The Snuts Announces New Album “Burn The Empire Out”, Premieres New Song “The Rodeo” on BBC Radio 1
- Scottish alt-rock band The Snuts, consisting of Jack Cochrane (vocals/guitar), Joe McGillveray (guitar), Callum '29' Wilson (bass) and Jordan 'Joko' Mackay (drums), announced their sophomore album “Burn The Empire Out” would be released on October 7, 2022.
From the album, the band premiered a new song “The Rodeo” on BBC Radio 1's Future Artists with Jack Saunders.
The song is fourth single off of the album, following “Burn The Empire”, “Zuckerpunch” and “End of The Road” featuring Rachel Chinouriri.
It was written by Callum Wilson, Clarence Coffee Jr., Jack Cochrane, Jordan Mackay, Joseph McGillveray, and Nathaniel Ledwidge.
Produced by Clarence Coffee Jr. and Detonate.
“'The Rodeo' is about knowing that your life is more often than not completely out of your control,” Jack Cochrane said of the song. “It is about finding merit in the madness and celebrating the journey and not just the destination. It is the musical equivalent of cowboys vs. aliens. We want it to encourage the feeling of absolute pure, inclusive escapism through guitar music.”
Jack Cochrane told Jack Saunders, “As a funny one for us. The whole point of the song was just to kind of try and relieve ourselves of any stress, whether it was common in our lives and I think the whole theme is just not to overthink every little thing. It's heartland and just trust me the universe and just let that happen. I think there's something wonderful about that, and that's how the song was born. And that's how it feels for the player. And that's how it's been received.”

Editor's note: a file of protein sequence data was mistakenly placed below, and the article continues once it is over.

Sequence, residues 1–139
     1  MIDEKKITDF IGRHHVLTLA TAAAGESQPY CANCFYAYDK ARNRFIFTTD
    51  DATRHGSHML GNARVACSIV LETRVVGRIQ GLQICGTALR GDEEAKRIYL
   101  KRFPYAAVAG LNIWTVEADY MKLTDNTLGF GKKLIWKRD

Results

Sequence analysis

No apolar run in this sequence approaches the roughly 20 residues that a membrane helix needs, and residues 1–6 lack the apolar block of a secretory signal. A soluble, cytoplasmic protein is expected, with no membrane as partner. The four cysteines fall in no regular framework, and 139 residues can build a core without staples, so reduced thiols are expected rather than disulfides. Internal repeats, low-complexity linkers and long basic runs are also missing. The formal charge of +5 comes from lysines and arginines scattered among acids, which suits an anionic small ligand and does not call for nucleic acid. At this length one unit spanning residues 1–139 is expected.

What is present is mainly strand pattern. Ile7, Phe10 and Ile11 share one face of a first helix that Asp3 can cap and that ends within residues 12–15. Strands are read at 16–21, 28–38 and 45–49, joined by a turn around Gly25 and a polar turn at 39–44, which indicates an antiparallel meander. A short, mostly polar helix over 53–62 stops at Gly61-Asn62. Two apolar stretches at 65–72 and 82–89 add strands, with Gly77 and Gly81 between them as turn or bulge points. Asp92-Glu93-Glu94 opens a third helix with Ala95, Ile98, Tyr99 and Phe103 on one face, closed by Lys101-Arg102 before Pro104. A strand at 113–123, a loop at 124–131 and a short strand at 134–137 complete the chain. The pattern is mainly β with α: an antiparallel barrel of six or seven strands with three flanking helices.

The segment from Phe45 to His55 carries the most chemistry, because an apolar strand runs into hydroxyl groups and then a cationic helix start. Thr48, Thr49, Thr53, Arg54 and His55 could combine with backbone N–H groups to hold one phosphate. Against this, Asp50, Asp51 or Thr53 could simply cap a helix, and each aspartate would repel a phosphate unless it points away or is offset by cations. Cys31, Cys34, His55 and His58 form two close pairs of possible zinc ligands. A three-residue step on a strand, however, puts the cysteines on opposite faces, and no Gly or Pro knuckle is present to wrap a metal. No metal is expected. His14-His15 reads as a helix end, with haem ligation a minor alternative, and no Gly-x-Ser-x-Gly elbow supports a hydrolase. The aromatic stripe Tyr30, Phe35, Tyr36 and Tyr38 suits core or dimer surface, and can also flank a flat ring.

The album follows up the 2021 debut album “W.L.” He said of the album, “The universe delivered us time to create a record where we finally felt we could address some of the topics, be it societal or spiritual, that we have been dying to scream out.”
He continued, “There are songs about the highs & lows, stuff we really want to talk about and things we cannot help but feel, but have just never made the space to.”
- source : BBC Radio 1